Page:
While going too far down the road of highly-leveraged lending is clearly unwise, NFT mortgage platforms may be willing to take on a slightly higher risk profile because no single institution or individual lender is liable for a whole mortgage.
Borrowers who find it harder to get a home loan could benefit from the crypto expansion
This means they could potentially offer help to those who find it harder to get a mainstream home loan.
This includes first-time buyers with small deposits, the self-employed, or those who struggle to meet banks’ loan-to-income ratios.
Mendes says: ‘Currently a borrower is limited to the criteria of the lender and so it may not be possible to get on the property ladder.
‘But with the continuous development of technology, reliance and importantly acceptance, we could see the purchase process develop in the future.’
In future, he says that NFT-based lenders could opt to offer a loan to these borrowers based on an assessment of their unique circumstances, but to set their interest rate at a level that justified that risk.
Not following the same conventions as banks means that an NFT mortgage could potentially be much more flexible than a regular one, too.
‘It has flexibility, so you could change the interest rate as the market changes,’ says Reyes. ‘And there are no early repayment penalties.’
In LoanSnap’s system, the homeowner is only obligated to make monthly interest payments, they are free to pay back parts of the loan whenever they like and there are no early repayment charges.
The company also claims it makes remortgaging easier, saying: ‘The loans can be refinanced at the press of a button.
‘When rates go down, the borrower can see that their monthly payment can be lower and choose to pay off the existing loan with a new one at the lower prevailing rate.’
The LoanSnap system relies on an ‘automated market maker’ to decide rates. When there is lots of money waiting to be lent, rates will fall to entice in borrowers – but when there is little, rates will rise to entice in lenders.
It says the size of the loan is also taken into account when deciding the rate.
It says: ‘The Bacon AMM creates a simple supply-demand curve to incentivize borrowers and liquidity providers to participate in the system when needed.’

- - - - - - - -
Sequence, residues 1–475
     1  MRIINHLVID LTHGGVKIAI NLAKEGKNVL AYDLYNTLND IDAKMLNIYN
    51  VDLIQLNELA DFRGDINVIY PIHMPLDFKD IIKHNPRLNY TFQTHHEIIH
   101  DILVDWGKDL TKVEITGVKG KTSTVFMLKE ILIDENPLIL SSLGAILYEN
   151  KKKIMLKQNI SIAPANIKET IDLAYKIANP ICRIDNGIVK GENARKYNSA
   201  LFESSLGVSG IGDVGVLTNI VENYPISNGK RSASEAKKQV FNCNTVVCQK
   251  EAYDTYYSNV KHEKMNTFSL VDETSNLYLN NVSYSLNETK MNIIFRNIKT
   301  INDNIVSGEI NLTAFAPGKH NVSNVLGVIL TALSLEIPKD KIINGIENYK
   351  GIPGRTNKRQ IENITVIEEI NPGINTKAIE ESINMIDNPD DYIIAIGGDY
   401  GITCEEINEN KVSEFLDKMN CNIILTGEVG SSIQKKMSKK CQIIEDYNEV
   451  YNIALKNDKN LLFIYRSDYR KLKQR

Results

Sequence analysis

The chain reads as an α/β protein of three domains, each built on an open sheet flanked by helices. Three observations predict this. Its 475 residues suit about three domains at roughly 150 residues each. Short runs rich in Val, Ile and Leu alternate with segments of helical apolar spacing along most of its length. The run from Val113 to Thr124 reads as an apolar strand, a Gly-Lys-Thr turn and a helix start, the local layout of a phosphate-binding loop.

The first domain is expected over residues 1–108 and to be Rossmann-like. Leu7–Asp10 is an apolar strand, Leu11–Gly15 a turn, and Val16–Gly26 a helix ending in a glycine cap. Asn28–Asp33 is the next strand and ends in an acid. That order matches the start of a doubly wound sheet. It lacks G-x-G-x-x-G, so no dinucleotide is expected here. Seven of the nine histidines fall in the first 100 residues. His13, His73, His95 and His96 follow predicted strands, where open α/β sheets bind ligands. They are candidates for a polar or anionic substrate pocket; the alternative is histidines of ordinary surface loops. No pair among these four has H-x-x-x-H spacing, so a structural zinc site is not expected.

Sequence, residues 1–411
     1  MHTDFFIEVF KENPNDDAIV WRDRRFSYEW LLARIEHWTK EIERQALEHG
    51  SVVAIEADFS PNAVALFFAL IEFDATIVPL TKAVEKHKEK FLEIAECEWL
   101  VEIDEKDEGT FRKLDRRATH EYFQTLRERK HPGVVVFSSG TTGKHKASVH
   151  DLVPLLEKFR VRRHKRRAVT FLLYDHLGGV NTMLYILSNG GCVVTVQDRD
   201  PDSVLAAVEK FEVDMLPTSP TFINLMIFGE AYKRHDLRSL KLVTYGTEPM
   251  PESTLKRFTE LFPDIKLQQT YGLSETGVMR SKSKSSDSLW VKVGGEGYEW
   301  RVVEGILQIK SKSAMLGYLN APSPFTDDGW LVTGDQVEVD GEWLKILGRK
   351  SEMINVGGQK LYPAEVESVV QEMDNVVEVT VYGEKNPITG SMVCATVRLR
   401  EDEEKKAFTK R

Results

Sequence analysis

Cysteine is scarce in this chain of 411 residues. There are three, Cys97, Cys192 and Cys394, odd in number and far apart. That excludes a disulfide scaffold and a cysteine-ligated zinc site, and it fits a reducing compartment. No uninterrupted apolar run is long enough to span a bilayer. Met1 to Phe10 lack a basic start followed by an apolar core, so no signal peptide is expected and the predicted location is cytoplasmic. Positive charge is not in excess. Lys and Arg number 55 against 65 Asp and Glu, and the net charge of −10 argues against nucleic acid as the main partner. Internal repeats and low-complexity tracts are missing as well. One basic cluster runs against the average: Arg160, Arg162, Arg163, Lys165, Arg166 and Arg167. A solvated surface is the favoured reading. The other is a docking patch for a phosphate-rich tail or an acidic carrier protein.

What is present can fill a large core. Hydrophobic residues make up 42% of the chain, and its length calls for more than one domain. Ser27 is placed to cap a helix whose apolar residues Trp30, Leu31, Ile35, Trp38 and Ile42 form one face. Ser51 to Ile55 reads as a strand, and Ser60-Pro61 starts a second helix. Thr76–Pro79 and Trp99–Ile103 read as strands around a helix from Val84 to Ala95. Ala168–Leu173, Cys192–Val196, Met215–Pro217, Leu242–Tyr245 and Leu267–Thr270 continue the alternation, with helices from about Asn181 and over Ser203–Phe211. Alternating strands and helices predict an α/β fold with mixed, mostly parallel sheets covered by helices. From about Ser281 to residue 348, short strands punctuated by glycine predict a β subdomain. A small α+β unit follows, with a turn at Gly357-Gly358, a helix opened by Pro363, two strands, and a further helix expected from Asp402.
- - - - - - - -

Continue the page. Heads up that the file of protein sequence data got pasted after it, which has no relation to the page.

Rates on the LoanSnap NFT mortgage platform are set by an algorithm, but if the market matured lenders could start competing for customers by offering better ones
The interest rate they are offering is lower than the average interest rate.
According to an article in Coin Telegraph, the interest rate for an NFT mortgage ranges from 1.5 per cent to 3.1 per cent, while the average interest rate on a 30-year fixed-rate mortgage earlier this month was 2.98 per cent according to Freddie Mac.
The rates available on LoanSnap’s mortgages are fixed for now. But Stewart says that, if the NFT mortgage concept developed over time, he could see different lenders in the market competing with each other to attract borrowers by offering lower rates.
He even sees a future where individual lenders could ‘bid’ for a slice of a borrowers’ mortgage.
‘We may see a situation where customers looking for a mortgage will find a much broader range of lenders bidding for their business,’ says Stewart.
‘In the case of a portfolio landlord, I could see lenders bidding for their whole portfolio in one transaction for example.
‘The borrower has much more control, and the lender becomes much more of a commodity.
‘Think of it as a sort of reverse auction. The outcome will mean more consumer choice, lower operational costs and pricing which is more closely aligned to the risk profile of the borrower.’
There are some concerns about a computer picking investments and setting rates, however – especially when it comes to ensuring that housing market mistakes of the past are not repeated.
‘The big issue is do they meet the Hera test,’ says Reyes, referring to the Housing and Economic Recovery Act which sought to improve accountability in the mortgage industry following the US subprime mortgage crisis in 2008.
‘[Investors] are not the ones making the decisions about what to invest in, and the algorithm is deciding the interest rates.’
With the first loans only just minted, it will probably be years before most homeowners have even heard of an NFT mortgage.
But some say the idea could gain ground with younger homeowners, who are distrustful of big finance and are already investing in crypto.
‘Banks are becoming much stricter with younger people,’ says Reyes. ‘They are being priced out of the market or even going elsewhere.
‘Some of them might go off and buy crypto [to fund their home purchase] instead. Young people don’t trust the banks, anyway.’
However, US investors learned hard lessons from the subprime mortgage crisis, so any shake-up in the market will need to be approached with caution.
‘We have seen how new concepts for investors to dip into the secured market bring high rewards,’ says Mendes. ‘But the risks of 2008 financial crises will be one we do not want to repeat.’